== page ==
It’s TI’s time to brag. We first met OMAP5 when the company’s VP of the OMAP division, Remi El-Ouazzane, unveiled the developer’s reference platform on our stage at CES. While there, he boasted OMAP5 as “the greatest platform on Earth right now,” but we were given only a few insights into the platform’s capabilities. Now, TI is back with a new wave of demos that better show the prowess of OMAP5 — a system-on-chip design that houses a dual-core ARM Cortex-A15 CPU clocked at just 800MHz, two Cortex-M4 cores for low-power processes, along with a PowerVR SGX 544 GPU that handles 3D compositions, and a number of accelerators such as TI’s IVA-HD, which supports both video encoding and decoding and plays 1080p video at a whopping 60fps. We were shown a demo of all these capabilities humming in unison on a 1080p display, along with a complex HTML5 mashup that adds credence to the company’s latest benchmark report. Photography geeks should know the system supports up to 14 megapixel cameras, and is able to process ten shots per second at that setting. We’re told to expect devices based on the OMAP5 platform by the end of the year, and if you’re anything like us, it’s going to be one hell of a wait. Hop the break for the demo.
We’re in Barcelona, and we’re not ready to stop talking about phones. And hopefully you’re ready to start listening, because the Engadget Mobile Podcast is quickly approaching! We’re aiming to be broadcasting as close to 12:50PM EST as possible, but we’re in the process of hunting down potential podcast members so we may begin a little late. So join with us, if you dare, in an emergency special Mobile World Congress podcast!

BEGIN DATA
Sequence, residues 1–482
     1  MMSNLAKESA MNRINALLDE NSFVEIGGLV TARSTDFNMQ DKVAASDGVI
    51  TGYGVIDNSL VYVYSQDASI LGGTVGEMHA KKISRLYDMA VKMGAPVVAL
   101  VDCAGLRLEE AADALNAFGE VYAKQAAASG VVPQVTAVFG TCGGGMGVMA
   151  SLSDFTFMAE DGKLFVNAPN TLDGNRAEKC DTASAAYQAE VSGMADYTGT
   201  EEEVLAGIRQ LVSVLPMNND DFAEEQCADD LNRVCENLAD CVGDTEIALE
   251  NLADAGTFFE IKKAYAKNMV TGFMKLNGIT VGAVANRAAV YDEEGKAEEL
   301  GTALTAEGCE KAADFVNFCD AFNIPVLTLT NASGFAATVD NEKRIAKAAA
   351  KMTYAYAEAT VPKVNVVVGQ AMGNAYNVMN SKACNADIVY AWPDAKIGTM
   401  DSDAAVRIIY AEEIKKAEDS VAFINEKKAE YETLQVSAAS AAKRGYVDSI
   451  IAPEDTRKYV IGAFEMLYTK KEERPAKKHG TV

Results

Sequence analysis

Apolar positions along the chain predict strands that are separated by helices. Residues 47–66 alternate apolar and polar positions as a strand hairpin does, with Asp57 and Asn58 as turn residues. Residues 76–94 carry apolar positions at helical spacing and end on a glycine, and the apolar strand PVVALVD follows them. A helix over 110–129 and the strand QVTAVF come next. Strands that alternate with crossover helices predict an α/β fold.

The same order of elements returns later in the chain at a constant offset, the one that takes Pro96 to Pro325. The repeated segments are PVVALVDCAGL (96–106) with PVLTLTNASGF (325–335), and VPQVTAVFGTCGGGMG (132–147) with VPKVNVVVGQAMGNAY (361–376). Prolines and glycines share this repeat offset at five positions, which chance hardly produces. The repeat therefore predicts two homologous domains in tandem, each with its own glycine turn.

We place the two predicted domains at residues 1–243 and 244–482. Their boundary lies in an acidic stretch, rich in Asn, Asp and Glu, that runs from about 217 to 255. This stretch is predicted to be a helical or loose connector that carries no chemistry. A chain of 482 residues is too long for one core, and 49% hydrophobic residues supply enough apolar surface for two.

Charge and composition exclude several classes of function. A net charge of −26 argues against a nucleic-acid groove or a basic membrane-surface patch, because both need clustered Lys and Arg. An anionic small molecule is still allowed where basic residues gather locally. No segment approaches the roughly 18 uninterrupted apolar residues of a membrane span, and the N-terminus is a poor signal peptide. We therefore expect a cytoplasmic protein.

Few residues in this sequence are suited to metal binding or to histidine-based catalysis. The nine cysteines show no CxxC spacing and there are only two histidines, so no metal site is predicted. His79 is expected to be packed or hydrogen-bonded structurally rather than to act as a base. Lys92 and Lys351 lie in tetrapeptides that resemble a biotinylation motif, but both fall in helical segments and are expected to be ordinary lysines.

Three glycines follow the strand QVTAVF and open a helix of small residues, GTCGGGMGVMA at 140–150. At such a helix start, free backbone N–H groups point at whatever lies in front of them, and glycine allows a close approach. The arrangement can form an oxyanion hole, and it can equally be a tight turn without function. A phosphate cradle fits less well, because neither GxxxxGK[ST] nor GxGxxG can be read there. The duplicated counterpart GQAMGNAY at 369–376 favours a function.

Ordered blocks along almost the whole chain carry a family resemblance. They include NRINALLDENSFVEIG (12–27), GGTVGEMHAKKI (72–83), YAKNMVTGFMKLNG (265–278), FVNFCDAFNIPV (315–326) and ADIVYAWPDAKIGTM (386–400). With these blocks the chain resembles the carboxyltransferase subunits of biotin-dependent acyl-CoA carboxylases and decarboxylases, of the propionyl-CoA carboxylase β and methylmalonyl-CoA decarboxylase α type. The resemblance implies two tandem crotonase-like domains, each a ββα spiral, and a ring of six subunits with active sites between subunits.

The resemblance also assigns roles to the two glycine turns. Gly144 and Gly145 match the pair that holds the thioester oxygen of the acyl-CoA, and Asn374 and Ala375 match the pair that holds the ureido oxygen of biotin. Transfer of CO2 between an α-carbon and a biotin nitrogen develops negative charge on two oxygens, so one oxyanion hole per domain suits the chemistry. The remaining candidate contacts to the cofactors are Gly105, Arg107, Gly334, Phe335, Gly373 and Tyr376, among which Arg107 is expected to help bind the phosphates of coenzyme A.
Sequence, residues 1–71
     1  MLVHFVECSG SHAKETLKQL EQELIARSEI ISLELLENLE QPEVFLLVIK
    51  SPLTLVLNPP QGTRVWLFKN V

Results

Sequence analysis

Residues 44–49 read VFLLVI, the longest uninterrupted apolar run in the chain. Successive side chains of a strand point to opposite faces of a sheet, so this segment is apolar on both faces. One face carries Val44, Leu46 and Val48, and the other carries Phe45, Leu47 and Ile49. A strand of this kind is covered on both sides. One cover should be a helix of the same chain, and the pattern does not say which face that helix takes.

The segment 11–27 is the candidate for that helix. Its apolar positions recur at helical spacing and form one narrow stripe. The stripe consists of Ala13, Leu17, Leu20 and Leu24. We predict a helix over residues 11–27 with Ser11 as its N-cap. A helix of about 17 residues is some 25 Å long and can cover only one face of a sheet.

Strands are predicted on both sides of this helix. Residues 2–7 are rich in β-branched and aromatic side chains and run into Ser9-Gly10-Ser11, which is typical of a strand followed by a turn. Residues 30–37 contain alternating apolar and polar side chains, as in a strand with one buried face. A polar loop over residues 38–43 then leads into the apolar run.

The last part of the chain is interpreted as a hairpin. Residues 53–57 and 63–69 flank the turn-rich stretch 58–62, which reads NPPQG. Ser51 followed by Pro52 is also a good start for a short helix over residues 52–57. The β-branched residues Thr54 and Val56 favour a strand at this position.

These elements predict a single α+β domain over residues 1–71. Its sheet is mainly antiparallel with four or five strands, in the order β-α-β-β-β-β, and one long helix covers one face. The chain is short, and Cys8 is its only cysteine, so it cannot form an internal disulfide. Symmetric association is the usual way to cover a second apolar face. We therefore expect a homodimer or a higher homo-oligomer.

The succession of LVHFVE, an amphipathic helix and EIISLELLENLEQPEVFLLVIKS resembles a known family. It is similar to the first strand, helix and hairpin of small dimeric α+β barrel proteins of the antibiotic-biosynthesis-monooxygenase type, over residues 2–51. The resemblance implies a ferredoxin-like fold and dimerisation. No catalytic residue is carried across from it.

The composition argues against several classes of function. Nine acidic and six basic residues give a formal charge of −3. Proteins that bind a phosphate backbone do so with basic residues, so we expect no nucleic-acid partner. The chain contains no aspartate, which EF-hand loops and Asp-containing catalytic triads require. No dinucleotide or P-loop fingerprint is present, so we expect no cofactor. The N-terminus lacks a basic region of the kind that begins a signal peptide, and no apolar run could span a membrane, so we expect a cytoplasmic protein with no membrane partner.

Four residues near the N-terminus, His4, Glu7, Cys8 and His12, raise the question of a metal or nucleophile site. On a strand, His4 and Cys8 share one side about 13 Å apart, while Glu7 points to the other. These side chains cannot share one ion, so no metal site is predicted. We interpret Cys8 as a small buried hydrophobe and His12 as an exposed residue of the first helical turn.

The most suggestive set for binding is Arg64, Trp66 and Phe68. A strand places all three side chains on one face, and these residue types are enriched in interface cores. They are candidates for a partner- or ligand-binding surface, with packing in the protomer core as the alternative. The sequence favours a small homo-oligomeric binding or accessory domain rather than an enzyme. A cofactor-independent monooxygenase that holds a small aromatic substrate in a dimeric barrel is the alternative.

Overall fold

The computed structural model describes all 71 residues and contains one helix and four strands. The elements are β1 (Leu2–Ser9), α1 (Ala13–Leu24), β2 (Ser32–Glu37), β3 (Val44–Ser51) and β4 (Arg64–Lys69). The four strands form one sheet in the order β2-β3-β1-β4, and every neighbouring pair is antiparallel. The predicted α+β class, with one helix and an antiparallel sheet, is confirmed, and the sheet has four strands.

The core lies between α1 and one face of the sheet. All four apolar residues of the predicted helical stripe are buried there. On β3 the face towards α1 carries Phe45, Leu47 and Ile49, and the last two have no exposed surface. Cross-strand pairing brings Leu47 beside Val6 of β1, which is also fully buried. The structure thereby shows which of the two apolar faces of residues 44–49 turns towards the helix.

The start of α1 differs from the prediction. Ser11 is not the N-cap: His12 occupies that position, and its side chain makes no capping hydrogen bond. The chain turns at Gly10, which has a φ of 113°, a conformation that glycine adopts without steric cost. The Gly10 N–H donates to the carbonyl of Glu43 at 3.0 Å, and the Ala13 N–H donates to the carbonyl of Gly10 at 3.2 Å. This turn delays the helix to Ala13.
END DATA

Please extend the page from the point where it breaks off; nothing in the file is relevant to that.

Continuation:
Anyone hoping for a truly unlimited “unlimited” data plan is still out of luck, but ATT has announced some changes (or a clarification, as it puts it) to its throttling procedures today that will at least give you a bit more room to work with. For customers on an unlimited plan with a 3G or “4G” phone (i.e. HSPA+), you’ll now be able to enjoy full data speeds up to 3GB, after which you’ll then see your speeds decrease until the start of the next billing cycle. If you have a 4G LTE phone, however, you’ll have a full 5GB to play with before the throttling kicks in. That’s as opposed to the roughly 2GB of full data speeds that was available in both cases before — and, as with the throttling that was imposed originally, these changes only apply to those still on an unlimited data plan, not those on ATT’s tiered data plans.
Texas Instruments dual WiFi module lets your tablet connect to your TV and the web simultaneously (hands-on)
Texas Instruments is helping to lead the way when it comes to mobile computing — when we want an early look at what’s to come months and even years down the road, TI is always one of our first stops. At this year’s Mobile World Congress, the semiconductor leader wasn’t shy about showing off its latest innovations, including those from its manufacturing and design partners. Today’s demo focused on wireless video streaming — a concept that engineers are approaching from every imaginable angle, and that is bound to make its way to consumers in a very big way within the next few years. TI’s flavor is based on WiFi, and offers a dual-connection solution, letting you pair a tablet with a TV using peer-to-peer while also creating a second link between the tablet and a wireless router for Internet.